- November 22, 2017
- All Texas Issuing Offices
- UNDERWRITING - Searching Names After Austin v. Coface Seguro De Credito Mexico, et al
WHAT YOU SHOULD KNOW:
A name search should include a search of ALL surnames and aliases of a party shown on any and all documents reviewed by a title company, including documents of record as well as unrecorded documents or forms of identification.
The Texas Supreme Court recently refused to review an Appellate Court Decision in the above-referenced lawsuit. The case involved whether searching just one surname of a party is reasonable when the title company has constructive knowledge that more than one surname exists. This specific case concerned the Hispanic naming convention which normally uses both the paternal and maternal last name. [For example: Javier Ernesto Suarez y Menendez. However, frequently documents are executed only using one of the last names Javier Ernesto Suarez or Javier Ernesto Menendez.]
- A recorded abstract of judgment included the debtor’s full name, which has two surnames similar to the example shown above.
- The abstract was indexed by the second surname.
- Debtor later sold Texas property to a third party buyer. The warranty deed included only the first surname of the seller/debtor.
- The abstractor ran a name search of only that surname. The bank argued there was constructive notice of the debtor’s full name due to filings in the chain of title of a Notice of Lis Pendens, and a Release of the Notice of Lis Pendens since both documents included the debtor’s full name.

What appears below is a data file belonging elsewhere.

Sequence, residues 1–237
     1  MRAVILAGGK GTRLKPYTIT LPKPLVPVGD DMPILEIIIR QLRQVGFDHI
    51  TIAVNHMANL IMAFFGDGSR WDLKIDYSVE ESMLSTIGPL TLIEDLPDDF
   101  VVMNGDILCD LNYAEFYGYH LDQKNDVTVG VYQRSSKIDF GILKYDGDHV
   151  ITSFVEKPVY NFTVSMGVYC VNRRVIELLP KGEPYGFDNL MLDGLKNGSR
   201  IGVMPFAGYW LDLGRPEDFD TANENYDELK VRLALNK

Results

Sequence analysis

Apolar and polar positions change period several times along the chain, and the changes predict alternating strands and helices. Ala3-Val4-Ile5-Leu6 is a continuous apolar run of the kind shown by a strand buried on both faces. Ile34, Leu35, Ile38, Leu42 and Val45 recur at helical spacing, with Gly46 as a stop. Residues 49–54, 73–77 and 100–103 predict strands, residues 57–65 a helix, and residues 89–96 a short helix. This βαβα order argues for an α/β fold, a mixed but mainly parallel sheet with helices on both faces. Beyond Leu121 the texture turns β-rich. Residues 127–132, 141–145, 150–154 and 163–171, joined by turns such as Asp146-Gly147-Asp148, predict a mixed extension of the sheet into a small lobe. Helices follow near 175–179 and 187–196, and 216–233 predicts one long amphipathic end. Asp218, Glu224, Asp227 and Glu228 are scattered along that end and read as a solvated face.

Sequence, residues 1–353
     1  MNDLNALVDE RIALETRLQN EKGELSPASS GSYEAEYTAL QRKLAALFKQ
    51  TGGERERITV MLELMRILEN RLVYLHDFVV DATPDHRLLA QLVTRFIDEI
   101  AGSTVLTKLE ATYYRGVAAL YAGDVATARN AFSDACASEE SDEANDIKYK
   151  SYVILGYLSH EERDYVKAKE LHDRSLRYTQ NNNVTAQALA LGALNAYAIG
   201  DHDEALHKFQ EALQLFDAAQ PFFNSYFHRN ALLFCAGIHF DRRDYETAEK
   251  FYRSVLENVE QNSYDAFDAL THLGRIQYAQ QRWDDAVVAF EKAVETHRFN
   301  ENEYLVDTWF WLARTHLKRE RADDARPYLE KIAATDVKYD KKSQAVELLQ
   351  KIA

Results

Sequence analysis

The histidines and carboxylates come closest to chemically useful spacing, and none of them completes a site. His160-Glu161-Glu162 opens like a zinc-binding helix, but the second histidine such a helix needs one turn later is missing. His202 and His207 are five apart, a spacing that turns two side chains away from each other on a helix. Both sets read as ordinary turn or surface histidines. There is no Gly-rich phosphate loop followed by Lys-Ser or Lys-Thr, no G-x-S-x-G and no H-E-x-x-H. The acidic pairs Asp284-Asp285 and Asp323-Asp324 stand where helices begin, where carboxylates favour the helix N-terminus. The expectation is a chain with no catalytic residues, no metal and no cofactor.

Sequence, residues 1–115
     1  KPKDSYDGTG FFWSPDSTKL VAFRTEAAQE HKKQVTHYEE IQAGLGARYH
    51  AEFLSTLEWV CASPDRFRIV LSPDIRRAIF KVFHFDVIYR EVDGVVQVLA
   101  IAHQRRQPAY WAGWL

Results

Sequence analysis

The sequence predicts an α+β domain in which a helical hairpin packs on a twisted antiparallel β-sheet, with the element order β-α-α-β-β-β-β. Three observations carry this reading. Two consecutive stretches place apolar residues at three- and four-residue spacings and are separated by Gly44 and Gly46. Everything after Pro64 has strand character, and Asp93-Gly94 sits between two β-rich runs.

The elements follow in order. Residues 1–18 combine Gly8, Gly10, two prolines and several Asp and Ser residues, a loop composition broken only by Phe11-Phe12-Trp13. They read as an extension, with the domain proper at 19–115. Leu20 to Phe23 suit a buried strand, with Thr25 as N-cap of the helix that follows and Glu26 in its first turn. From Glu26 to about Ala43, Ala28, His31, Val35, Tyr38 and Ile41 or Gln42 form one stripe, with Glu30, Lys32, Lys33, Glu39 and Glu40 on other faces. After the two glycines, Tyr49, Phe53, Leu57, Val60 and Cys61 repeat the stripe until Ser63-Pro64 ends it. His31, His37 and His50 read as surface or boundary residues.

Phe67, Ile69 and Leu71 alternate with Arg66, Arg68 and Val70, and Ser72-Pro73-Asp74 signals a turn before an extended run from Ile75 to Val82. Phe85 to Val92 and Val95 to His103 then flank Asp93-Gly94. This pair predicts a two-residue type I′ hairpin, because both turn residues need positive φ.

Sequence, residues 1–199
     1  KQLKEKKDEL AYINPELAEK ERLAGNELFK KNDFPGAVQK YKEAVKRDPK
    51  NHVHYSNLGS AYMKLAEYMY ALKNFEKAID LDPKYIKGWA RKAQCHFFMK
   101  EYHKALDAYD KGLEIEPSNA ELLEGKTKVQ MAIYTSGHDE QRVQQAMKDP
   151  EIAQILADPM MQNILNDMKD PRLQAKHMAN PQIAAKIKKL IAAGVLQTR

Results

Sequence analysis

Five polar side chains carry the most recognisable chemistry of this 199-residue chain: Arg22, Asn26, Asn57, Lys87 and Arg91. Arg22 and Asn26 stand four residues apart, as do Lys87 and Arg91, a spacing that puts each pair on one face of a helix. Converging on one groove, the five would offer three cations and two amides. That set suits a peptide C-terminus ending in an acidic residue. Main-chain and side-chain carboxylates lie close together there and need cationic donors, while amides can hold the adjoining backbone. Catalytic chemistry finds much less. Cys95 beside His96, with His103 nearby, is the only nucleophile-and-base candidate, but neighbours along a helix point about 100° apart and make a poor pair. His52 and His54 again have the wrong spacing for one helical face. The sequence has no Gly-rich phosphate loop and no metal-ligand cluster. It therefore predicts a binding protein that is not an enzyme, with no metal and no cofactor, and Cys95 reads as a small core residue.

- The debtor/seller provided his passport as identification for closing the transaction which included his full name.
- The Court ruled that buyer had constructive notice not only in the chain of title but had notice beyond the chain of title because they were presented with his full name for identification purposes. The Court held that the buyer purchased the property subject to a perfected lien.
The court pointed to Texas Property Code Ann. §13.002(a): “An instrument that is properly recorded in the proper county is… notice to all persons of the existence of the instrument.” Id. at §13.004. “A recorded lis pendens is notice to the world of its contents.” The case also quotes from the Noble case, 340 S.W.3d at 76: “Every purchaser of land is charged with knowledge of all facts appearing in the chain of title through which he claims that would place a reasonably prudent person on inquiry as to the rights of other parties in the property conveyed.” The court did not address the issue of whether a release of a notice of lis pendens when the case is dismissed continues to provide notice of a controversy.
WHAT YOU SHOULD DO:
- Examiners must be prudent when reviewing chains of titles with more than one surname (especially Hispanic or Portuguese names) to be certain that all names are searched.
- The escrow officer should require a name search on any additional surnames if provided with identification that provides a variation of the name or a complete full name than the name is in the chain of title.
- A best practice would be to inquire as to whether the party has any other surnames, including maiden names if appropriate, or aliases.
- If a lis pendens is found in the public record, even if the case is dismissed, consider requiring that the defendant file a motion to expunge lis pendens under Sec. 12.0071 Property Code and obtain an order expunging the lis pendens. Sec. 12.0071 (f) provides that when a certified copy of the order of expunction is recorded, it no longer constitutes constructive or actual notice, or creates a duty of inquiry or affects the rights of a third party purchaser.
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